Without transparent and accountable governance, the Sustainable Development Goals will remain a feel-good wish-list for equitable development, says Vineet John Samuel.
Increasing prosperity for small sections of the population has been misinterpreted as signifying diminishing levels of poverty for large sections of the population, say S Subramanian and D Jayaraj
Rahul Goswami questions the government’s recent claim that 407 million Indians below the poverty line in 2004-05 had by 2011-12 dwindled dramatically to 270 million
What has been missing in the heated debates about the poverty line is a clear enunciation of which basic needs should be included. The 15th Indian Labour Conference of 1957 might have come up with the most comprehensive criteria for defining the minimum wage required to meet basic needs, writes Kathyayini Chamaraj
India’s new Below Poverty Line estimate based on the Tendulkar Committee report has been hailed as being much more realistic than earlier estimates. But does it adequately count and include the poor of this nation, asks Sachin Kumar Jain
If successive governments had devoted just a fraction of the effort that has gone into propping up trade and industry into fighting hunger and malnutrition, India would not be ranked a dismal 66th in the 2008 Global Hunger Index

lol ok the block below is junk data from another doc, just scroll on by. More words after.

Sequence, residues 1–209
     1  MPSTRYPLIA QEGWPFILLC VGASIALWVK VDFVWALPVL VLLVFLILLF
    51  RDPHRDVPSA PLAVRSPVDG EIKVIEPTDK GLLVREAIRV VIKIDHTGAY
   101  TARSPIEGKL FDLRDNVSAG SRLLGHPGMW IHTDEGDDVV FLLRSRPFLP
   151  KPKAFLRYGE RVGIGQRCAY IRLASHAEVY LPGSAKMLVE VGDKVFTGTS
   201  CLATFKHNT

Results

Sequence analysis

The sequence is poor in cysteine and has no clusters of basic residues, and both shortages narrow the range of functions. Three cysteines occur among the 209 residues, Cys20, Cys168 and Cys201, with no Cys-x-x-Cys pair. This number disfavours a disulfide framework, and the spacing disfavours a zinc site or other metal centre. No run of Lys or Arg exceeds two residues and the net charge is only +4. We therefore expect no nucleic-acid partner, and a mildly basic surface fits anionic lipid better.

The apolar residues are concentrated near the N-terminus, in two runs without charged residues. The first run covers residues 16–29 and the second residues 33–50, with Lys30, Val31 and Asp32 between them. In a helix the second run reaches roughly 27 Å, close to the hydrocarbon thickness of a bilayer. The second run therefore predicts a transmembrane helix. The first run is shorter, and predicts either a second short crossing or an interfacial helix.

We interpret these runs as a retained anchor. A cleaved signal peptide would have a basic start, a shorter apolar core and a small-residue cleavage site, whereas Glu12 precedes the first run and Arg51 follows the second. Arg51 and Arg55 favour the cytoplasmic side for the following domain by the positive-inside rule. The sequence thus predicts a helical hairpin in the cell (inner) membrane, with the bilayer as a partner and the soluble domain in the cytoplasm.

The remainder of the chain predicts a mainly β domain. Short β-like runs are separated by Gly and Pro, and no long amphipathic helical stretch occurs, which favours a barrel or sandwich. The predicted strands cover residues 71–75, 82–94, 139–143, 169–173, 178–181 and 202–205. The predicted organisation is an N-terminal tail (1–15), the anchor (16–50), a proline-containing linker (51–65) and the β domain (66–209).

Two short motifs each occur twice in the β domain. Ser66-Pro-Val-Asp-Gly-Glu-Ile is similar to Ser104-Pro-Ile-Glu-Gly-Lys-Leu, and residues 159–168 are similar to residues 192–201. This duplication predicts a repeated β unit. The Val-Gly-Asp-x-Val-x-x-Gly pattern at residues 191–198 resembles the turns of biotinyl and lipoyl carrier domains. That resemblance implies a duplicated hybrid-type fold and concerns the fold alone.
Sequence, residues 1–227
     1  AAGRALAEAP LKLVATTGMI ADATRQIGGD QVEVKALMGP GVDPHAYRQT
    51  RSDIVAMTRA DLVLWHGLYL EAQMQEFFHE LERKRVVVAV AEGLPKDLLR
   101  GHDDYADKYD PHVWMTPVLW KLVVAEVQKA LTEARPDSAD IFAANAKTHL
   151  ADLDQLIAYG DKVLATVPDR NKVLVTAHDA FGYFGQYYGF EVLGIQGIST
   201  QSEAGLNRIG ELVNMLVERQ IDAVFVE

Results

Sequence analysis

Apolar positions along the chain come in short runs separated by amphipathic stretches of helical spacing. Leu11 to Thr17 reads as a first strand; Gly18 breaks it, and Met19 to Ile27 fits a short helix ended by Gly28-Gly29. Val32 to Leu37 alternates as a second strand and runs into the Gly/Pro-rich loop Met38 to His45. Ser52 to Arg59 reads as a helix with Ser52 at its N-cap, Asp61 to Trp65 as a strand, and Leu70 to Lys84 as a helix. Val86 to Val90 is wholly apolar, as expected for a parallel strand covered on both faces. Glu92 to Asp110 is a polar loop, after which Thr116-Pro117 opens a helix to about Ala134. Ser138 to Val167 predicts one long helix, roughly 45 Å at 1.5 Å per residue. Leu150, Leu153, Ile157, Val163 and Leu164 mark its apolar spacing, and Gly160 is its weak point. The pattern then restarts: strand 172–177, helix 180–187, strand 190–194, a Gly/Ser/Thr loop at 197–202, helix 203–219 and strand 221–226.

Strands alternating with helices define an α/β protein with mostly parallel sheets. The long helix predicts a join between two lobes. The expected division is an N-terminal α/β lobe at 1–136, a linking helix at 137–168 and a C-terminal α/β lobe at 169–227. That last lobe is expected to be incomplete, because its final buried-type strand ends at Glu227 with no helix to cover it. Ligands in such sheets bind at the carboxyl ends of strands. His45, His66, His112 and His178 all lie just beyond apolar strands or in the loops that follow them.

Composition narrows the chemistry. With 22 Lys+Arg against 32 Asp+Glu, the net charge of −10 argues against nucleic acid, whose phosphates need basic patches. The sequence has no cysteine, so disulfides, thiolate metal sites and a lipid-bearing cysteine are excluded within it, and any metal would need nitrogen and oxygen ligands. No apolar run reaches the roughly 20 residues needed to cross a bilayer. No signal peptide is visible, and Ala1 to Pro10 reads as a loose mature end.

Global poverty estimates report the number of people living on less than $1 or $2 a day. But purchasing power (dis)parities suggest that it could be more accurate to say that the poor in countries like India are living on less than $0.20 or $0.40 a day, says Aseem Shrivastava
The high interest rates and forced loan recovery practices of micro-finance institutions have been held responsible for the suicide of several farmers in Andhra Pradesh. It is evident that poverty makes good business sense to MFIs, writes Sudhirendar Sharma
The guarantee of 100 days of work in a year cannot by itself provide food security. The trick, says alternative technologist K R Datye, lies in using the NREGA not to build roads but to regenerate the land and create permanent rural assets which will facilitate sustainable livelihoods
Inequalities will persist if we continue to look at India's poor only as consumers
Rural India is in acute distress, crying out for food and work, says economist Utsa Patnaik. Rural Indians are actually purchasing and consuming less foodgrain per capita today than they were in 1991
Is the government's Food For Work Programme really helping to 'empower' the poor? By paying for their labour in foodgrain the implication is: the poor are hungry, let them eat food. But what about their other needs including medicines, homes, schoolbooks, social emergencies...
This year's 'State of the World' report from Worldwatch places India as the country with the third largest consumer class, behind only the US and China.Yes, that's 122 million individuals with purchasing power. But they form only 12% of the total population. The rest can only gape at the tremendous disparities
Amidst the orgy of celebration over India Shining, P Sainath points out that the fastest-growing sector in these golden years has not been IT or automobiles, but inequality